Teams implicate new gene in prostate cancer

This summer, prostate cancer forced New York City Mayor Rudolph W. Giuliani to drop out of a heated race for the U.S. Senate. That political bombshell brought new attention to a disease that ranks as the most common cancer among U.S. men and kills more than 30,000 of them annually.

Despite intensive study of the cancer, in which cells of the walnut-shaped prostate gland proliferate wildly, researchers have had little success identifying genes that underlie the disease. This week, however, Myriad Genetics of Salt Lake City announced that its scientists have found a mutated gene in a few families whose men are prone to prostate cancer.

“There have been a lot of attempts to find [hereditary] prostate cancer genes in the past . . . but no one has ever identified one until now,” says Timothy Rebbeck of the University of Pennsylvania School of Medicine in Philadelphia.

Only about 10 percent of men diagnosed with prostate cancer have a family history of the disease, and it’s unclear how many of these hereditary cases can be explained by mutations in the newfound gene. Suggesting a role for the gene in the general male population, Rebbeck and the Myriad scientists also have preliminary evidence that a relatively common variant of the gene may increase the prostate cancer risk of the many men who harbor it.

At this week’s American Society of Human Genetics meeting in Philadelphia, Rebbeck and Myriad’s Sean Tavtigian both are scheduled to report studies connecting the newly discovered gene to prostate cancer. The Myriad investigators unearthed the gene through DNA analyses of large Mormon families in Utah that maintain detailed genealogical records. In a few families with many members having prostate cancer, Tavtigian and his colleagues identified a gene that’s mutated in men with the disease but not in those free of the cancer.

The discovery of this new gene has surprised prostate cancer researchers. “This is one we didn’t have any hints about,” says Elaine Ostrander of the Fred Hutchinson Cancer Research Center in Seattle.

“Because we may be able to learn something about the biology of this gene and its effect on prostate cancer, we may be able to develop new preventions or therapies,” adds Rebbeck. Scientists don’t know the function of the gene or its protein, although certain features of the protein suggest that it may bind to and even repair DNA. Many disparate species, including fungi, have the gene, indicating that it plays a general but vital role in cells, says Rebbeck.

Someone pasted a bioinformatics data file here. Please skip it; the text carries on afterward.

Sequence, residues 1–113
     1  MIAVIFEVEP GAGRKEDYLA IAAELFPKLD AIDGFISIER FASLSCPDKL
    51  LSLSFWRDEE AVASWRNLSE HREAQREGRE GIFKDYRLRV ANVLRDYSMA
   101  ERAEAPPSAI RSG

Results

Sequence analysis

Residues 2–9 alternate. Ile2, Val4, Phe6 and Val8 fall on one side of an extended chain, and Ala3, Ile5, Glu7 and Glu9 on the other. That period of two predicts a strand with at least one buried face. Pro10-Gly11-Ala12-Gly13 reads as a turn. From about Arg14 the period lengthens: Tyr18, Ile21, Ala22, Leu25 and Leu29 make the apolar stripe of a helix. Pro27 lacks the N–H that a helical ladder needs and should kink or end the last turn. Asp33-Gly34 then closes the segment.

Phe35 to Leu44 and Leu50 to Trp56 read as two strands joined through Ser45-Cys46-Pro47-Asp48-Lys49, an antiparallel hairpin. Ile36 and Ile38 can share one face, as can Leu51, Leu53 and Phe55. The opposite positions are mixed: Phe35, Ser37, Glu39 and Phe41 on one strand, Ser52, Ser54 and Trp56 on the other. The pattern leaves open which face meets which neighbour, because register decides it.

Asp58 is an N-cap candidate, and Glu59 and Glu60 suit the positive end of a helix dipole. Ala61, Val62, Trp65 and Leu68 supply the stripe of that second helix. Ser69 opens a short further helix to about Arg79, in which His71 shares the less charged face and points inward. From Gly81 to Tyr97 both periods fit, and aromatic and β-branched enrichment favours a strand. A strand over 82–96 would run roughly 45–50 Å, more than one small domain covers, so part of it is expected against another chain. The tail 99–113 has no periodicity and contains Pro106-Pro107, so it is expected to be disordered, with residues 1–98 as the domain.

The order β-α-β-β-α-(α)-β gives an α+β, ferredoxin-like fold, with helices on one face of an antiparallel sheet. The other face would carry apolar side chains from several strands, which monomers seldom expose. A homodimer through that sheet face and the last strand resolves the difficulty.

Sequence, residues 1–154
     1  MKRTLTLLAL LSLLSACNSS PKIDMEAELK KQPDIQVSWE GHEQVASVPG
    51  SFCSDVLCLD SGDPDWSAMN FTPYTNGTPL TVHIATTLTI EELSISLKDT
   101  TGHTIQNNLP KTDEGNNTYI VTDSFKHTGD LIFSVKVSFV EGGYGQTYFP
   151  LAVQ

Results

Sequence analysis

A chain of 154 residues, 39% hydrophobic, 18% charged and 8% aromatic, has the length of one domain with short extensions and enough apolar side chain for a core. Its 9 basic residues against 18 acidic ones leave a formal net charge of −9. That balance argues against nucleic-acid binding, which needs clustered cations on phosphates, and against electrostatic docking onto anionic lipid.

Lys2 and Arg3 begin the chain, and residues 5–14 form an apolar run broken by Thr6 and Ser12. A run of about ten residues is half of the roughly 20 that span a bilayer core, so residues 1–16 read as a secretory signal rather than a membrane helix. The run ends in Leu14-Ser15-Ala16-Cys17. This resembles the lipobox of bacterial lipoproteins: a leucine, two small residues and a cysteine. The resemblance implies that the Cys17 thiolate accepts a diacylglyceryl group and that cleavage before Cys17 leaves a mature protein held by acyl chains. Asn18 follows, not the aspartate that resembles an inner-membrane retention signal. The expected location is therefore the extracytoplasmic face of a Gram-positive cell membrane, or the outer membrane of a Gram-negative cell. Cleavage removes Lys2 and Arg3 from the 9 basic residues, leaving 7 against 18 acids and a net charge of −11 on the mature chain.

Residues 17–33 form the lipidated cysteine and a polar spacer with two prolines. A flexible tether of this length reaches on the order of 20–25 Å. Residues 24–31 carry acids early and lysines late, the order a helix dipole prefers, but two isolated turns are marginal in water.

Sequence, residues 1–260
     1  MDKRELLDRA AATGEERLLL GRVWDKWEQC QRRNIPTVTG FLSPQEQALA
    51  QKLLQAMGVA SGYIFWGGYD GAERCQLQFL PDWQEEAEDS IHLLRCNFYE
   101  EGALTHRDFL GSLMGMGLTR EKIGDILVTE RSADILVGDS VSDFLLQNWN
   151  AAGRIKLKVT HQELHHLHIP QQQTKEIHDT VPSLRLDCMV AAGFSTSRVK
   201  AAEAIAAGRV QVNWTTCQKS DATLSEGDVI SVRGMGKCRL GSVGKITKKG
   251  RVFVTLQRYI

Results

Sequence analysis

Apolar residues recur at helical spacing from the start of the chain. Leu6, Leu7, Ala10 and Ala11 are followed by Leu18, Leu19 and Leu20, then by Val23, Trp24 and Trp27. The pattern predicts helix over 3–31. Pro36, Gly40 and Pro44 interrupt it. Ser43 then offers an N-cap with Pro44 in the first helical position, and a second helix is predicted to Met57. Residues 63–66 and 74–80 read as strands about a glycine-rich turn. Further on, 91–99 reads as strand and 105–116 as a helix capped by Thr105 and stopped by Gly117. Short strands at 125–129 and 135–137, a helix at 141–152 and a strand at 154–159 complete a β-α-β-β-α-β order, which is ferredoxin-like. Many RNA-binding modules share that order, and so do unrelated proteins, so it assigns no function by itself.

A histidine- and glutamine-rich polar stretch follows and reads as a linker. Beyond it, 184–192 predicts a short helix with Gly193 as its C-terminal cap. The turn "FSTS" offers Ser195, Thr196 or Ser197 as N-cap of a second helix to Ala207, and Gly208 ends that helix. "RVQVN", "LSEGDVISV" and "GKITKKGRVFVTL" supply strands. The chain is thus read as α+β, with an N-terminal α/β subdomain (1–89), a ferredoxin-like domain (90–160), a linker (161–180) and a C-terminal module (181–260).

In the families studied by Myriad, mutations prevent the gene’s production of a functional protein. The Myriad team has also found that the gene can contain more subtle changes, socalled polymorphisms, that may influence its activity or its protein’s shape.

Among a sample of men, the Myriad scientists found that one polymorphism occurred more often in those men diagnosed with prostate cancer than in those without the disease. Myriad then asked Rebbeck to examine the gene in a larger population of men with and without prostate cancer.

Rebbeck, too, found that the suspect form of the gene turns up more frequently in men with the disease. His group’s initial analysis, reported in the October American Journal of Human Genetics, suggests that having this particular gene variant more than doubles a man’s risk of developing prostate cancer.

Until many more men are studied, it’s too early to say with any confidence how this gene influences prostate cancer susceptibility of men in general, cautions John Witte of Case Western Reserve University School of Medicine in Cleveland.

“Prostate cancer is so complicated that the question is, how many more [such genes] are there going to be?” says Witte. “Is this one a grand slam or a single?” He predicts that several other prostate cancer genes will soon be found.

From the Nature Index

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